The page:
Supreme Court Rules Raging Bull Claims Not Down for the Count — A Follow-Up Post

As mentioned in our blog yesterday, the Supreme Court handed down its decision in Petrella v. MGM. hollywood star_blog_200pxThe case raised the issue of whether the equitable defense of laches is available in copyright actions but the effects of the decision may extend to other areas, including patent law. The roots of the case go back to the 1960s, when famed middle-weight champion boxer Jake Motta co-wrote a screenplay (among other works) with author Frank Petrella. The rights to that screenplay were ultimately purchased by MGM in the 1970s. MGM released the Martin Scorsese film Raging Bull in 1980, allegedly based on Petrella's screenplay. The film went on to win many awards and eventually became a commercial success.

Copyright law provides, under certain conditions, for ownership of copyrighted works created before 1978 to be reclaimed by an author's heirs, negating any previous transfers or licenses on those works. Frank Petrella died in 1981, and his daughter Paula Petrella acquired the copyright to the work in 1991. After multiple attempts to negotiate with MGM regarding her rights in the work, Petrella sued for copyright infringement in 2009. Her lawsuit was thus brought eighteen years after she obtained the necessary rights to sue, and nine years after her last attempt to contact MGM. MGM successfully defended in the district court on the basis of laches, a long-standing doctrine arising out of the courts of equity which bars relief when a plaintiff unreasonably delays in filing suit and the defendant suffers economic or evidentiary prejudice as a result of the delay. The Ninth Circuit Court of Appeals affirmed (noting a "presumption" of laches given the long delay), and the Supreme Court granted certiorari to resolve a circuit split on the viability of laches in copyright cases.

At the Supreme Court, Petrella argued that the Copyright Act's bright-line and explicit three year statute of limitation was the only legal framework for timeliness. Under the "separate-accrual" rule, each allegedly infringing act (e.g., copy, distribution, or public performance) gives rise to a new cause of action and thus resets the clock to bring a claim relating to that particular act. According to Petrella, once Congress enacted a uniform statute of limitations for copyright claims in 1957, the historical laches defense no longer applied in essence, that Congress preempted any previously existing timeliness rules. MGM, by contrast, contended that laches should always be available, even when a case was brought within an explicit statute of limitations, because laches served a different purpose than the statute of limitations and the defense had not explicitly been abrogated by Congress. The Court sided with Petrella, holding that the only requirement for a copyright claim to be timely is that the cause of action accrue within three years prior to suit. The Court observed that laches had a "gap-filling" rather than a "legislation-overriding" role in the law, and there was no "gap" to fill where Congress had spoken on the issue. The Court did note, however, that consistent with traditional equitable principles, laches could bar equitable relief including an injunction in "extraordinary circumstances."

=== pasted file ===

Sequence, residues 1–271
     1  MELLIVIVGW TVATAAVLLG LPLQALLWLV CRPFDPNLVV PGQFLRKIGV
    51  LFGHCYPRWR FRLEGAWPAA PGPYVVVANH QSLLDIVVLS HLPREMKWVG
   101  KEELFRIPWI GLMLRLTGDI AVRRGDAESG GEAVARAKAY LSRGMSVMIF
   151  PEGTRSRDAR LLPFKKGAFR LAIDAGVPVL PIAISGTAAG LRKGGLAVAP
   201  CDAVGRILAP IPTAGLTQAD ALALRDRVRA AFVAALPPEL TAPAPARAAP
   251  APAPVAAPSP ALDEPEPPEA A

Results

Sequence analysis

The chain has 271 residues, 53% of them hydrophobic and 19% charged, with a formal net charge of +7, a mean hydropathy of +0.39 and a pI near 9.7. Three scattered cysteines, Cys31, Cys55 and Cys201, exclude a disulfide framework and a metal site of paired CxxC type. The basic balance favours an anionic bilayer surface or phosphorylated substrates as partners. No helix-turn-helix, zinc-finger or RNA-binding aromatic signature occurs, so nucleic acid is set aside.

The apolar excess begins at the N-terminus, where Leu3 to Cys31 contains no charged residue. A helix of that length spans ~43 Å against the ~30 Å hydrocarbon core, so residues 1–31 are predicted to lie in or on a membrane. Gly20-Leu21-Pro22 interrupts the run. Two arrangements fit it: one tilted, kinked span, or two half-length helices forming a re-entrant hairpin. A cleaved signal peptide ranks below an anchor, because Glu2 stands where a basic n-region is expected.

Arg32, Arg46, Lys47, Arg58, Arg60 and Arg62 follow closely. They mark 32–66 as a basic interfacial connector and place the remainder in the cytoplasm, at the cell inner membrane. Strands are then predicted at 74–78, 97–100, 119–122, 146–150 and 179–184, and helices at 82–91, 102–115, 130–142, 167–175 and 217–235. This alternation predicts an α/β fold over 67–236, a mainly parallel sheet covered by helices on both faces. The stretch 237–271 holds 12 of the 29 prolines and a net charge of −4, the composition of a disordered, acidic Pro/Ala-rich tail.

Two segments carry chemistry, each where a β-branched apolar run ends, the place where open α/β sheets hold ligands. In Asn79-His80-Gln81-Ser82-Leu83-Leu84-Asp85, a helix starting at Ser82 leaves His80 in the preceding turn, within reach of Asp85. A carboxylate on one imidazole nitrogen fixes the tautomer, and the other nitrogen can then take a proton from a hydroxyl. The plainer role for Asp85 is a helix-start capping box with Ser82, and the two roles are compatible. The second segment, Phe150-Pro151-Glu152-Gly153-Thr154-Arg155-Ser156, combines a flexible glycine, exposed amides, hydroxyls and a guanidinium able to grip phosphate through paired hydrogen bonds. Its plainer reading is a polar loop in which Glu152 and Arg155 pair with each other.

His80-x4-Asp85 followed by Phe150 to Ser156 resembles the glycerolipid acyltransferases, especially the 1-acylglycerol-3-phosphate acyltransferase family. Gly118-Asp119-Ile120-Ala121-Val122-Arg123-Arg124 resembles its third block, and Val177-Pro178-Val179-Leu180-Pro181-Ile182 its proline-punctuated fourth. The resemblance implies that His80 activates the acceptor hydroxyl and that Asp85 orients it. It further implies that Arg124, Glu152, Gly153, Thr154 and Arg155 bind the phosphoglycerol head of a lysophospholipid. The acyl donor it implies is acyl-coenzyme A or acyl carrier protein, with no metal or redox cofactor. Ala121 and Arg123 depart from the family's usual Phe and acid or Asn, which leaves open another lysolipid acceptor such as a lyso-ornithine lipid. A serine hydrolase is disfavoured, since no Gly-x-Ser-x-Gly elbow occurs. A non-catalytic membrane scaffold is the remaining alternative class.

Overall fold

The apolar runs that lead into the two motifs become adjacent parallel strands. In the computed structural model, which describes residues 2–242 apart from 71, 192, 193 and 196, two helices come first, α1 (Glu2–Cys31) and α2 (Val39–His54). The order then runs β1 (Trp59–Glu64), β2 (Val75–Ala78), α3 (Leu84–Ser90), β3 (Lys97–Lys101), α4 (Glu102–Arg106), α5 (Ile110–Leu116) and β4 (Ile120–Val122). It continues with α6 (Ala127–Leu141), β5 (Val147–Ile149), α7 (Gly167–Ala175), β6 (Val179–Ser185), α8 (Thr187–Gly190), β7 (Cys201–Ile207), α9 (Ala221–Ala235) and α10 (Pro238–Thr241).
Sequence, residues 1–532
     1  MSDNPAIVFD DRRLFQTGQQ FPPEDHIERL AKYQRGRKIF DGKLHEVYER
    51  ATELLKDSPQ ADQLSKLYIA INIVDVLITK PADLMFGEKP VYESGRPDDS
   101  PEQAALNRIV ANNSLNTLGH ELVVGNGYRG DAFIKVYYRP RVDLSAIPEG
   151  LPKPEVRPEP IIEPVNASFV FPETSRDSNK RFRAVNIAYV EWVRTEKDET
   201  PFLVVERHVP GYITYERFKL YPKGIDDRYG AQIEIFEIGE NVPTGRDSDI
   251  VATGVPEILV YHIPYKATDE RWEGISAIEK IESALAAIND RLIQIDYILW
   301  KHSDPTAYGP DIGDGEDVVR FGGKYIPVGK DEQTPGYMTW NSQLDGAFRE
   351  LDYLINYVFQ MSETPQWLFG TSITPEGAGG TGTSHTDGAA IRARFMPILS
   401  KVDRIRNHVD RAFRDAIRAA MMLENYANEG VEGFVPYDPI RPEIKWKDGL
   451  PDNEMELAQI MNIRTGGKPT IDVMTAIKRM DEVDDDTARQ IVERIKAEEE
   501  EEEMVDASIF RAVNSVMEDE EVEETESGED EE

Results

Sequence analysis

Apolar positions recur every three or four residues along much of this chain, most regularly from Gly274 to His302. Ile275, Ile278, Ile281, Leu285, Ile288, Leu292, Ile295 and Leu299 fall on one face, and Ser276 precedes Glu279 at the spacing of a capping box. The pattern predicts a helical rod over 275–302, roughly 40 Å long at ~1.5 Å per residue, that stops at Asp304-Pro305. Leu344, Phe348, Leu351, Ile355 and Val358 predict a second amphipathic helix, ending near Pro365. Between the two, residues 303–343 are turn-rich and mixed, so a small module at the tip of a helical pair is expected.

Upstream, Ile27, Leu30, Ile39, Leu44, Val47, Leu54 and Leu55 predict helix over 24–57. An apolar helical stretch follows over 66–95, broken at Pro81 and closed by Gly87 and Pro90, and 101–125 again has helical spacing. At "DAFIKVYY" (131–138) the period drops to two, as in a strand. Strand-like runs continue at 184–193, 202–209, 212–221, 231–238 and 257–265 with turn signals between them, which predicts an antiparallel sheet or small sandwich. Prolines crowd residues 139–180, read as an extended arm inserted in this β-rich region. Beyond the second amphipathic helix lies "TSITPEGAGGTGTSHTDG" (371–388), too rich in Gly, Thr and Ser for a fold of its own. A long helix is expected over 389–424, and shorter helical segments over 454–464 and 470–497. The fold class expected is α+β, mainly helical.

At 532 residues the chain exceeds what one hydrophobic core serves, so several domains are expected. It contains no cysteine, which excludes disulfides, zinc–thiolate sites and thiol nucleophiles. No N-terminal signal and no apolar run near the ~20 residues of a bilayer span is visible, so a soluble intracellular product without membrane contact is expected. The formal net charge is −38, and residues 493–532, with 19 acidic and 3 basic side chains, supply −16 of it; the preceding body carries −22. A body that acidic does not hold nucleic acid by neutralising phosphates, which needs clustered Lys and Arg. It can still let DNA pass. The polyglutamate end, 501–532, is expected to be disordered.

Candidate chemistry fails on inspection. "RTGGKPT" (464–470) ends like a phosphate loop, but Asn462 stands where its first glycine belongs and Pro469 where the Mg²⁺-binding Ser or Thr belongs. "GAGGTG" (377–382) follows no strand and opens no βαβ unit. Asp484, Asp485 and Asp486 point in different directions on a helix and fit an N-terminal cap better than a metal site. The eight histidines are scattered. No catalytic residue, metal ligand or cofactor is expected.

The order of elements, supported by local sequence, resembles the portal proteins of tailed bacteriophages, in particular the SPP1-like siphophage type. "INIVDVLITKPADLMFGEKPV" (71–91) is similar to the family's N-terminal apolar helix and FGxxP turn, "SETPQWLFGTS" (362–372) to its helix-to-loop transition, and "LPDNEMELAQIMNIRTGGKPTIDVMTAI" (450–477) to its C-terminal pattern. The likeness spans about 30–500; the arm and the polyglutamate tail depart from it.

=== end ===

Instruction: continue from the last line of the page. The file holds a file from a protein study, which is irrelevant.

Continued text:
In a footnote, the Supreme Court explicitly declined to reach the impact of its ruling (if any) on patent law. Federal Circuit precedent recognizes laches as a valid defense to patent infringement; however, under the Federal Circuit's Aukerman decision from 1992, laches only bars damages incurred prior to the commencement of suit, and cannot serve as a defense against injunctive relief. The Patent Act, like the Copyright Act, has an explicit statute of limitations, and thus litigants will likely argue about the impact of this decision in patent cases. Differences between the language and legislative history of the two Acts may provide for a different result in particular, in Aukerman the Federal Circuit found that Section 282 of the Patent Act explicitly preserved the laches defense by enumerating "absence of liability for infringement" and "unenforceability" as separate defenses from "noninfringement." Until the issue is taken up again in the patent context by the Federal Circuit or the Supreme Court, the scope and applicability of the laches defense in federal causes of action (outside of copyright law) that provide for a statute of limitations is likely to remain unsettled.